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Railway map of Cuba
Ferrocarriles de Cuba (FCC) or Ferrocarriles Nacionales de Cuba (English: National Railway Company of Cuba), the only railway operating in the Caribbeanmarker islands, provides passenger and freight services for Cubamarker.

Route Network

Ferrocarriles de Cuba uses (standard gauge) that extends from Guanemarker (province Pinar del Río) in the westernmost part of the island up to the bay of Guantánamomarker in the East part.

Most of the 4,226 km is diesel with 140 km electrified. The branch to Trinidadmarker in the south coast is damaged at a bridge and the rail service there is no longer connected to the rest of the national rail network. Local railcars run from the damaged bridge through Trinidad to the coast daily plus a steam locomotive and two home-built coaches on tourist tours through the sugar cane valleysmarker of the Escambray Mountainsmarker.

The flagship Tren Francés ("French train") travels between Havanamarker and Santiago de Cubamarker and is operated by coaches originally used in Europe between Parismarker and Amsterdammarker on the ex-TEE service. The train is formed by 12 coaches and a Chinesemarker-built diesel locomotive.

The Hershey train is an electrified train from Havana to Matanzasmarker that was built by the Hershey Company in order to facilitate transport of workers and products after it had bought sugar plantations in 1916. It is a commuter service running in northern Havana and Matanzas provinces, some original equipment still exists.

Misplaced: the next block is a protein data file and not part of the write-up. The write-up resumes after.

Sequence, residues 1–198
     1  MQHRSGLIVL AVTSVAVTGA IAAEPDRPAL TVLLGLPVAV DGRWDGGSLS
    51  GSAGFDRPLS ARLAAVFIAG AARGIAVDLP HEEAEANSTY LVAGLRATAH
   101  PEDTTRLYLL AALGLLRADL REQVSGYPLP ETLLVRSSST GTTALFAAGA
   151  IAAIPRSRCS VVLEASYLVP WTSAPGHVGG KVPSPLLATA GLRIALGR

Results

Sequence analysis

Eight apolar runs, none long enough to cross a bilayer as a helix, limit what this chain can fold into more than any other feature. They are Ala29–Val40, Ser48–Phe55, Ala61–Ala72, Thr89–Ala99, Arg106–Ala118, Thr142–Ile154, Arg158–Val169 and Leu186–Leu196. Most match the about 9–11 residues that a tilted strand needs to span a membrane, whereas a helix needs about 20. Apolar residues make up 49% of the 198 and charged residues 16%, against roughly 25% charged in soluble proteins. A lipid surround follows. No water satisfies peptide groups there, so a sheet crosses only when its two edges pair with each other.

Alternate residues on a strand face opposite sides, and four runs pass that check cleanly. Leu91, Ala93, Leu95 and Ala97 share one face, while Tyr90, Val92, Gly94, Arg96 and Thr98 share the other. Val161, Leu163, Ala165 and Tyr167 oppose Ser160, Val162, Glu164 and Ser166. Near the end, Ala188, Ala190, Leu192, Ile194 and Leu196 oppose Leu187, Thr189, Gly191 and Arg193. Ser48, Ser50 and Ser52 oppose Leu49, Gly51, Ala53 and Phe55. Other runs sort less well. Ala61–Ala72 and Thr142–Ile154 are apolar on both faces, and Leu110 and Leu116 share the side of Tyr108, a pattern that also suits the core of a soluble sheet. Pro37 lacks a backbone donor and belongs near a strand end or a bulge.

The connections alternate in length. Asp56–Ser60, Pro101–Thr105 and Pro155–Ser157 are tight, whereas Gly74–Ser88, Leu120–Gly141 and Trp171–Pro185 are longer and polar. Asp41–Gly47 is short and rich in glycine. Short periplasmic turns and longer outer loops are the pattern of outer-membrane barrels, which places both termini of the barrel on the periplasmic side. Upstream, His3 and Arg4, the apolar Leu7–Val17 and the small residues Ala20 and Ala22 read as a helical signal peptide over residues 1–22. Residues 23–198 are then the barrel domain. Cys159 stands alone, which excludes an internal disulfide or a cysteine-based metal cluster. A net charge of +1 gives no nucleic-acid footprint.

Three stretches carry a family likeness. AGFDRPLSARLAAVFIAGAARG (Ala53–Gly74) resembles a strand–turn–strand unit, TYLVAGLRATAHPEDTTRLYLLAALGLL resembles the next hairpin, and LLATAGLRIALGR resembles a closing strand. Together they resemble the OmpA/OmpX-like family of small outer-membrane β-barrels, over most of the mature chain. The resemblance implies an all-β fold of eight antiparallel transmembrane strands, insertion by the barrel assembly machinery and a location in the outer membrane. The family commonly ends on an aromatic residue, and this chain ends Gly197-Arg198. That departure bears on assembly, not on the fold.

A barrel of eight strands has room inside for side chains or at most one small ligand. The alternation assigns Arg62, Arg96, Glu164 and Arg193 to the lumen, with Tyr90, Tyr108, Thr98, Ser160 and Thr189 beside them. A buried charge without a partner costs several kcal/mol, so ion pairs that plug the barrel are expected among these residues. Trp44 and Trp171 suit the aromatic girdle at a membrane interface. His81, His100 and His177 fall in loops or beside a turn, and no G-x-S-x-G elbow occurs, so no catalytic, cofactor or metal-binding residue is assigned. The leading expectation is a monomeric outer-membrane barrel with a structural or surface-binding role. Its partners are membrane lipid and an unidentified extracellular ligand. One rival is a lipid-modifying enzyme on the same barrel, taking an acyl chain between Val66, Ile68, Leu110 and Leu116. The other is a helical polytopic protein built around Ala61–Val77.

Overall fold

Colonial Cuba

In 1836 Gaspar Betancourt Cisneros established a horse drawn railway service called Ferrocarril de Camaguey a Nuevitas in Camagueymarker (Puerto Príncipe).

Cuba's railway history began on October 12, 1834 when the king of Spainmarker Ferdinand VII approved the building of the first line. When the Compania de Caminos de Hierro de La Habana opened the 27.5 km line from Havana to Bejucal on November 19, 1837, it was the first steam railway line in Latin America. At this point Spain did not possessed any railroad lines. The 27.5 km long line from Havanamarker was extended by an additional 17 km to Guines on 19 November 1839. By December 1843 the cities San Felipe and Batabano were added to the rail network and further extensions were added in 1847 (17 km), 1848 (21 km), and 1849 (21 km).

Havanamarker had its first streetcar (Ferrocarril Urbano de la Habana) when its service commenced on 3 February 1859.

Pre-Revolutionary Cuba

Americanmarker born Canadian railway builder Sir William Van Horne helped expanded Cuba's railway network in the early 20th Century. He was an investor in the Cuba Railroad Company (founded 1902).

In 1924 Ferrocarriles Consolidados de Cuba was created from a dispute between Ferrocarriles Consolidados de Cuba and Ferrocarriles de Cuba.

Other railway companies would form and merge together in the 1920s:
  • Ferrocarriles del Norte de Cuba 1916
  • Ferrocarril Espirituano Tunas de Zaza
  • Ferrocarril Guantánamo y Occidente

From 1940 to 1959 Cuba's railway system was interrupted by fuel shortage during and after World War II. They were replaced by buses, which transported both passengers and freight

A few sugar factories switched over to diesel electric locomotives to haul freight.

Train ferry

Post-Revolutionary Cuba

The destruction of Batista's armoured train by the revolutionaries in the Battle of Santa Clara in December 1958 was an important stepping stone in the Cuban revolution.